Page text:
Proper Retaining Wall Drainage Prolongs the Life of the Wall

proper retaining wall drainage

Proper drainage prolongs the life of a retaining wall

A retaining wall is commonly used in landscaping to either make better use of a slope or create a decorative statement. Regardless of the reason why a retaining wall is used, it is typically constructed of a material such as brick, concrete, stone or wood timbers. Depending on its purpose, a retaining wall can be very short or very tall. With proper retaining wall drainage and construction, it can bring a lot of character and function to your landscaping.

Although retaining walls are a seemingly simple enhancement to any landscaping project, nearly 80% of all residential retaining walls fail at one point or another because of poor drainage. Even though it is often passed over, proper retaining wall drainage is the most important aspect of its structure. If water and soil find their way into the structure of your retaining wall, it can very quickly create a disastrous outcome, potentially destroying all of your hard work. For this reason, you should consult a professional very thoroughly before starting on any retaining wall project.

What are some of the things that you can do to ensure that your retaining walls have adequate drainage?

Proper Retaining Wall Drainage Tips

  • Use Backfill Properly – Whenever you hear the term “backfill,” it means the dirt that rests immediately behind your retaining wall. Rather than just filling in with garden soil, clay or any other material that you may have, it is very important that you use at least 12 inches clean crushed stone as backfill. Beyond this point, it is completely ok to use compacted soil from the area that you are doing the project in. If you have plans to landscape behind the wall, use at least six inches of native soil over the gravel backfill.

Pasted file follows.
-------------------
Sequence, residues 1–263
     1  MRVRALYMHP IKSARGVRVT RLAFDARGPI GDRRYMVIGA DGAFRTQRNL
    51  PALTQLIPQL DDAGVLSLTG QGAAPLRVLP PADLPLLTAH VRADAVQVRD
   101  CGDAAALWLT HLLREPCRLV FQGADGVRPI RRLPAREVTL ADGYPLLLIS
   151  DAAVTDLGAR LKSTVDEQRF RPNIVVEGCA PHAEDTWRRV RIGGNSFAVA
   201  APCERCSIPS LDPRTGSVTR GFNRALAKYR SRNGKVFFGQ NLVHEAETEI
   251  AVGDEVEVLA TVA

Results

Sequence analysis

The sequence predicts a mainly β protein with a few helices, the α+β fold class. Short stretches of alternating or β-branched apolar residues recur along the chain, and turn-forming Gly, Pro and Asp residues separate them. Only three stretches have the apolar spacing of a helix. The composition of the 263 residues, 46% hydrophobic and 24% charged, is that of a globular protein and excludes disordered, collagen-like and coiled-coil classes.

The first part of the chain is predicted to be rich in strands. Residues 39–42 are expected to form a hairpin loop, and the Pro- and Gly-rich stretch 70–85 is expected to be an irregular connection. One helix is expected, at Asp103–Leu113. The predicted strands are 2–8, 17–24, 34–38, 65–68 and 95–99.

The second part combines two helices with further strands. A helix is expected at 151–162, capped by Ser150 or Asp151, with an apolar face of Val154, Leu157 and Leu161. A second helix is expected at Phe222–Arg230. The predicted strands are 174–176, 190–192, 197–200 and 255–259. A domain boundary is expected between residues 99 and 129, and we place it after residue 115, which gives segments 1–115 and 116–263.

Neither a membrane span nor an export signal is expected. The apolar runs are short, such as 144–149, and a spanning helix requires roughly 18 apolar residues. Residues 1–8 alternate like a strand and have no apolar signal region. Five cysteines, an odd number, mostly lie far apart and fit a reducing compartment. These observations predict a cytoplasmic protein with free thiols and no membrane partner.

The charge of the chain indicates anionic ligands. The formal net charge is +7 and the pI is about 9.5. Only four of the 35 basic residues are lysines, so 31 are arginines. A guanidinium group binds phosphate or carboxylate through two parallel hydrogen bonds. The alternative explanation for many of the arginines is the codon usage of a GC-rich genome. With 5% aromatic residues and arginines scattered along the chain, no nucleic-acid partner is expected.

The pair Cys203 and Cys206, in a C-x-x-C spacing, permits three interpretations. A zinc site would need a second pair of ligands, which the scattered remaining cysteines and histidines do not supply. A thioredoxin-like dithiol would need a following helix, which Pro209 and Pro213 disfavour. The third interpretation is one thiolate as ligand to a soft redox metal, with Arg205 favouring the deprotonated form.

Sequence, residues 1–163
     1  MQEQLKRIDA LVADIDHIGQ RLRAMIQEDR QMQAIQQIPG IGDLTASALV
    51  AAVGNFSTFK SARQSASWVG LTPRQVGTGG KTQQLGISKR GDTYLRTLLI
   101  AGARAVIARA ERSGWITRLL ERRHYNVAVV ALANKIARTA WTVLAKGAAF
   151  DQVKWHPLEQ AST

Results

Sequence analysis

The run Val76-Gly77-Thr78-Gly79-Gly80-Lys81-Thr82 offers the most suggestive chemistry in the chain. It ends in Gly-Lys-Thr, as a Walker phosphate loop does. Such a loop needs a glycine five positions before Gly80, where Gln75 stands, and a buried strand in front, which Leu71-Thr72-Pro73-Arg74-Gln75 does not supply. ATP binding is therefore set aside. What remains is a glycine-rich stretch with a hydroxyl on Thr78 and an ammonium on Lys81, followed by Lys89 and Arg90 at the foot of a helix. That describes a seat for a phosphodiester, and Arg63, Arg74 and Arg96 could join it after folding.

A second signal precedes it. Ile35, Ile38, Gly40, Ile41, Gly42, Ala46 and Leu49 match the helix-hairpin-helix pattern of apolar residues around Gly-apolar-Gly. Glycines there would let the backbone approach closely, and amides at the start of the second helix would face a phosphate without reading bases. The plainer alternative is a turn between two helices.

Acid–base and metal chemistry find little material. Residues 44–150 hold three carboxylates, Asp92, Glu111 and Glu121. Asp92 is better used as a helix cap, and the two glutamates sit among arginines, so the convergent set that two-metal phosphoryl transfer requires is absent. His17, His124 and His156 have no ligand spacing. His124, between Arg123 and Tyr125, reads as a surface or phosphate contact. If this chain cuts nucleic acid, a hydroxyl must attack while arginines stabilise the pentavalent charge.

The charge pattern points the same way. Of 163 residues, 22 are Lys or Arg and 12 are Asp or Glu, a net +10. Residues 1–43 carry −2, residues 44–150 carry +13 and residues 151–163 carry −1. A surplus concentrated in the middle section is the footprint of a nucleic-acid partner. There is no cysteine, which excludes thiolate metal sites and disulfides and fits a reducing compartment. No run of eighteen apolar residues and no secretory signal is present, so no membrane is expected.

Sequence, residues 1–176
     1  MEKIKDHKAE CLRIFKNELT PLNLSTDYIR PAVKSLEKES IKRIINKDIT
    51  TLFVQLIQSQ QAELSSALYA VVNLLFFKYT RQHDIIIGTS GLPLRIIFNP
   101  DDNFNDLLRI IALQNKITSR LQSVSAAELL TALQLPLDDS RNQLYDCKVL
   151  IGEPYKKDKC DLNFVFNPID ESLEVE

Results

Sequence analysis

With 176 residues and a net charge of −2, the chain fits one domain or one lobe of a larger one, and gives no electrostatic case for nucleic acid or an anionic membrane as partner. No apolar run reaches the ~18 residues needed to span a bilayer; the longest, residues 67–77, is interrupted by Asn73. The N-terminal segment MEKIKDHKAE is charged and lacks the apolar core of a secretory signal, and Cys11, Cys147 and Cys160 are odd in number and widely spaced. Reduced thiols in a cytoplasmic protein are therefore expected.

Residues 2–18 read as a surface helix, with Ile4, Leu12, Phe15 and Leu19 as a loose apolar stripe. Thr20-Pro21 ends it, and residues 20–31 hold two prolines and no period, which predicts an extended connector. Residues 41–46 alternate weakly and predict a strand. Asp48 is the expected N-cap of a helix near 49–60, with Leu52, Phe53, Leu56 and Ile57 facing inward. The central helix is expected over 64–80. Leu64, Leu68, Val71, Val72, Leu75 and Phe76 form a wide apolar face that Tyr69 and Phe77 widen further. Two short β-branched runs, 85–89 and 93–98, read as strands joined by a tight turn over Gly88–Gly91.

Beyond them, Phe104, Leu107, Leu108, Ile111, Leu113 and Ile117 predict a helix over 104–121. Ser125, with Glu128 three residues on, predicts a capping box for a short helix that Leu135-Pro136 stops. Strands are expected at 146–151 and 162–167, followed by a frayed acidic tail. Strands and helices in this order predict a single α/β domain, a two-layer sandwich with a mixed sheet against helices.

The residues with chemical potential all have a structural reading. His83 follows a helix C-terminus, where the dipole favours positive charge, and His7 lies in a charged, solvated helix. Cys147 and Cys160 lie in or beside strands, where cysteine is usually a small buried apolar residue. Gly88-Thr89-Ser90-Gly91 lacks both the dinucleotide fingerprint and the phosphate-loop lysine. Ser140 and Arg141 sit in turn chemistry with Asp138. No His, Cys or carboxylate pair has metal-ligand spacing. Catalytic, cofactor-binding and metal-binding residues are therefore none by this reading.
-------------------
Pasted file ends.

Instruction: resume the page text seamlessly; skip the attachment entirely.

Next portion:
• Lay Perforated Piping In addition to the foot of backfill that is used behind your retaining wall, you should also make sure that perforated piping is laid at the bottom of the backfilled portion of the wall. This helps to create a hollow channel for water to go in the event of a heavy rain or watering. This piping can then be used to divert the water away from your retaining wall so that you do not have to worry about it collecting behind the wall, causing pressure and decay.
  • Install Weep Holes – Another important aspect of your retaining wall drainage plan is to have properly installed weep holes. Work with your landscaping expert to ensure that these holes are appropriately placed and sized to ensure that any excess water can drain through the wall. This will essentially give any moisture an additional route away from your wall, which is your ultimate goal.

It goes without saying that you will want to do everything in your power to protect the substantial time and money that goes into creating a retaining wall on your property. Because of this, make sure that you’re not making one of the most common (and most destructive) mistakes that any homeowner can make: bypassing proper retaining wall drainage to save money. By spending a little bit of extra time and a few more dollars at the very beginning to ensure that your wall drains properly, you can be sure that it will remain in place for many years to come.

Posted in Drainage, Landscape Construction, Retaining Walls.


  1. I am glad that you brought up weep holes. I have been thinking about installing a timber retaining wall in my backyard this spring. But I haven’t thought at all about how rainwater will travel throw the wall. It seems like I should talk to a landscaper about how best to do that for the type of wall I want.

  2. I’d love to get a retaining wall installed in my backyard, so it’s helpful to know that proper water drainage is essential for its longevity. It was helpful that you suggest using at least a foot of crushed stone as backfill when constructing the wall. Is this something I can count on being done if I leave the job to a contractor that specializes in stormwater drainage?

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